For Posterity's Sake         

A Royal Canadian Navy Historical Project


Naval Radio Station

NRS Albro Lake - 1950s

Photo by (N) F.O.A.C

Source: Radio Communications and Signals Intelligence in the Royal Canadian Navy


Established near Dartmouth, Nova Scotia in 1942, Naval Radio Station (NRS) Albro Lake call sign CFH, served as a naval radio communications station for the Atlantic Coast. The station was divided into a receiving site at Albro Lake and a transmitter site at Newport Corner, Nova Scotia. Set up under a veil of secrecy during the height of the North Atlantic U-boat threat, this small village near Halifax became the home of an invaluable weapon during the Battle of the Atlantic. Despite a price tag of more than $6 million, an exorbitant expense in those days, the facility more than paid for itself in Allied shipping saved. Its signal could be heard and read from Murmansk to the Falklands and half way around the world. Renamed HMC NRS Albro Lake on July 1, 1956, the station served under that name until her closure. The growth of Dartmouth from a small town into a city created problems for receiving radio signals at Albro Lake. The Navy decided to relocate the radio station and as a result, Albro Lake closed in 1968. A new radio communications station, Canadian Forces Station Mill Cove, was opened 40 miles southwest of Halifax. The cutover occurred from August 31 to September 18, 1967.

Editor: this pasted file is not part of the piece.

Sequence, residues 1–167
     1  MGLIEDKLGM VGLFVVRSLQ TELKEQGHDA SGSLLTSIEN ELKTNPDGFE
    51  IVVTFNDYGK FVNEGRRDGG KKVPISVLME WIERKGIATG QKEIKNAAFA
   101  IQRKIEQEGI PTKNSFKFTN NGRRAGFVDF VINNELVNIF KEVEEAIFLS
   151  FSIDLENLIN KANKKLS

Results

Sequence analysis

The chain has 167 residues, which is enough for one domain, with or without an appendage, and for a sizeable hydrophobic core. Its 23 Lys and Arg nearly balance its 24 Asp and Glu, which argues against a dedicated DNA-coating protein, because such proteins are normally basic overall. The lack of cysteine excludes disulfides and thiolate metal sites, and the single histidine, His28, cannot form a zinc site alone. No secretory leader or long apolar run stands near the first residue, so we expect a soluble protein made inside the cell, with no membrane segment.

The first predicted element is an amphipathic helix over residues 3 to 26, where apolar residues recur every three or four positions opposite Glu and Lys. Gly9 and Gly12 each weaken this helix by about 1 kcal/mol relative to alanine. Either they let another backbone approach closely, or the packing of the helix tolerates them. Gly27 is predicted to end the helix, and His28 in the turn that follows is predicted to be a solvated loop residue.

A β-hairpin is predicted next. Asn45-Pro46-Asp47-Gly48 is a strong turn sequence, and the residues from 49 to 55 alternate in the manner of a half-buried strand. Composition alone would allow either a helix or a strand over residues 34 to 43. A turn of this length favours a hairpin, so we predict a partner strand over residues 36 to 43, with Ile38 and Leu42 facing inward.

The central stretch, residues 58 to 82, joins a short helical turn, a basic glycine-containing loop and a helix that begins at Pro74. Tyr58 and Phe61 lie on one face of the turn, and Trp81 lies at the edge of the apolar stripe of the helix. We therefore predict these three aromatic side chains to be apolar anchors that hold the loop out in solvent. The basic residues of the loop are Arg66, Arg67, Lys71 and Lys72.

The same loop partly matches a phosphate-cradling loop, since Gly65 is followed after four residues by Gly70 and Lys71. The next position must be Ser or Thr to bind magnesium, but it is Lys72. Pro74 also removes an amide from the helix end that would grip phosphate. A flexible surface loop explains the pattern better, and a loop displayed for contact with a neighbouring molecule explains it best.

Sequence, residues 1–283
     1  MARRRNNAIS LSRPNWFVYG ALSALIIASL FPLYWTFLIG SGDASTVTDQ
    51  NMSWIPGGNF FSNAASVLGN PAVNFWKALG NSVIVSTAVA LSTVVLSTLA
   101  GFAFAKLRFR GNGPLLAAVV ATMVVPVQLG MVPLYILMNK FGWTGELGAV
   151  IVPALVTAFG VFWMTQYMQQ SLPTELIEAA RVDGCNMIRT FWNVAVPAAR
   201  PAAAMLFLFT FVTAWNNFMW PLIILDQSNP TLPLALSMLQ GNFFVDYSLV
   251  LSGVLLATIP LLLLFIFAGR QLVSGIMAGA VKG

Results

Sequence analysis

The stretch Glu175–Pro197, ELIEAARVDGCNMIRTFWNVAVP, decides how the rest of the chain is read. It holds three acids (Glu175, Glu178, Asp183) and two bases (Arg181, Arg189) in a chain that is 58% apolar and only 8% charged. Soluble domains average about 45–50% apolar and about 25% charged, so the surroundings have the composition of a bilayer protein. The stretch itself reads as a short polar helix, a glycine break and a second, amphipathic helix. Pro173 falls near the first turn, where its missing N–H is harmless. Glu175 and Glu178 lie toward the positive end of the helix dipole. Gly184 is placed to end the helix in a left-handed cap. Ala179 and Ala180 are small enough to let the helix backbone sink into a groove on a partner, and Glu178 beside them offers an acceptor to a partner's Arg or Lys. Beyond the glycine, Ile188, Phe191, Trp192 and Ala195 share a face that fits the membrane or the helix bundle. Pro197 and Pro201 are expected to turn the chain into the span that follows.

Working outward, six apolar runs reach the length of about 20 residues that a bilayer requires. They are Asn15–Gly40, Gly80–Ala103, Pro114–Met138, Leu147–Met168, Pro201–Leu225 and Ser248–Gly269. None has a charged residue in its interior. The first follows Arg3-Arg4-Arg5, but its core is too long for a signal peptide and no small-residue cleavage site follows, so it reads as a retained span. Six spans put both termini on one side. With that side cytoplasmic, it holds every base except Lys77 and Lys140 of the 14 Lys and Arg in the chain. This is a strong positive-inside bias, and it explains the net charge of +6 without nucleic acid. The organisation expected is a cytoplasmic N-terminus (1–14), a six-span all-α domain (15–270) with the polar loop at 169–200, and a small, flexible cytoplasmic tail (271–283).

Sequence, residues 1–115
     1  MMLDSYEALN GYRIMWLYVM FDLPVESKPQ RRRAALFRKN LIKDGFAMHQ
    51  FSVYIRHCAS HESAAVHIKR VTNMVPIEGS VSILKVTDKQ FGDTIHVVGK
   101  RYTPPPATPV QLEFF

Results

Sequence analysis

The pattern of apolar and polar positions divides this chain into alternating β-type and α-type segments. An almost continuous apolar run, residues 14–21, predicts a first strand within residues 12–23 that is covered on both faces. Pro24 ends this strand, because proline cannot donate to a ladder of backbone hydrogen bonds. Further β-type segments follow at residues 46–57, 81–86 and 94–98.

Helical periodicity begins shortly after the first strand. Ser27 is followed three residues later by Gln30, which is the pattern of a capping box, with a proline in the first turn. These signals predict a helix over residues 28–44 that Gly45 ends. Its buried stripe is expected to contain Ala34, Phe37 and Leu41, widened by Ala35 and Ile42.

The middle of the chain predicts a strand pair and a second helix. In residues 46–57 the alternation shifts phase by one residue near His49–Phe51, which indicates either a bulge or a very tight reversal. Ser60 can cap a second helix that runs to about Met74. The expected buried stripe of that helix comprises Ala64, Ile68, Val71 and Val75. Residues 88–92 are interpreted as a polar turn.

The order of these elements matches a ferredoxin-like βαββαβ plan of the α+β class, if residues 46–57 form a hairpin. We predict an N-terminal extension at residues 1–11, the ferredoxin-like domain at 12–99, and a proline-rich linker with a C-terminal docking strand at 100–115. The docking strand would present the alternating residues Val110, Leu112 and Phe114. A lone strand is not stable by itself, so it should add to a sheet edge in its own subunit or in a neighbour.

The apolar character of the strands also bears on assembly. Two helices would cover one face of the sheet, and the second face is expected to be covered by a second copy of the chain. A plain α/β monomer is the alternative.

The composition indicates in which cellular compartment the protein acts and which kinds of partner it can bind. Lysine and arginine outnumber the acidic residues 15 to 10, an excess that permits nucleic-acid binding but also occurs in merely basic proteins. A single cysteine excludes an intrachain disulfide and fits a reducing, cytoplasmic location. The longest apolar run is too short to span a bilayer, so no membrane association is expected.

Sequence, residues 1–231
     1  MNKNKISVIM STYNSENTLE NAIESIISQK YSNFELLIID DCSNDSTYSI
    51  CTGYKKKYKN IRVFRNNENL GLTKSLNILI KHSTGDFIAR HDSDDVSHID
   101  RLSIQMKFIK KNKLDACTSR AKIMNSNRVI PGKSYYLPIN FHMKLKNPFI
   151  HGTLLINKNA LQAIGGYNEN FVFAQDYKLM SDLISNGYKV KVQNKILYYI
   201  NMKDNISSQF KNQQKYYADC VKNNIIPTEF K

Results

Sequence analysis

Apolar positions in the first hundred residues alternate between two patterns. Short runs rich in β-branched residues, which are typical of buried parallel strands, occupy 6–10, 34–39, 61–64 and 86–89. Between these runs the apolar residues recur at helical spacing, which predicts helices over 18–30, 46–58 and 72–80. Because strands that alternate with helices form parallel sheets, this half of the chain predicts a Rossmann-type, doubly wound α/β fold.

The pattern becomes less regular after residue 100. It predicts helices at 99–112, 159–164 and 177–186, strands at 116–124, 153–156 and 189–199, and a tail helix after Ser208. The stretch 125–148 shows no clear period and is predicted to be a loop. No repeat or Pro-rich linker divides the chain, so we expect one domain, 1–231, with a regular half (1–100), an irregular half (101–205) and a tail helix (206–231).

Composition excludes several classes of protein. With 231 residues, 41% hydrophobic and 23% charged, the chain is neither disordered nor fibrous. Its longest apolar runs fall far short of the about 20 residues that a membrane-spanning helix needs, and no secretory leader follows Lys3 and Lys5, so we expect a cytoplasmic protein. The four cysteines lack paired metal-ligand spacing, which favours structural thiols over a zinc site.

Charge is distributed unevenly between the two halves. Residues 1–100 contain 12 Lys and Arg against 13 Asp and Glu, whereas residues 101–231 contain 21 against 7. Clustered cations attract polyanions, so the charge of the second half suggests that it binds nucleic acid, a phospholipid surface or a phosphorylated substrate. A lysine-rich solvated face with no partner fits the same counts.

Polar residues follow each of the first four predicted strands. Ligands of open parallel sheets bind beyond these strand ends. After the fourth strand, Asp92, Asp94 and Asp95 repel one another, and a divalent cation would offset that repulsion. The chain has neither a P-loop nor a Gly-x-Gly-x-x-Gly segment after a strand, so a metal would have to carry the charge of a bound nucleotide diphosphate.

Five members of HMCS Albro Lake's softball team in the North End Softball League


Tiny Hooper, Joe Morrow, Haurice Seniuk, David Cake, Bill Furzecott


The Halifax Mail Star 18 Jun 1955


Researched by / Courtesy of George Newbury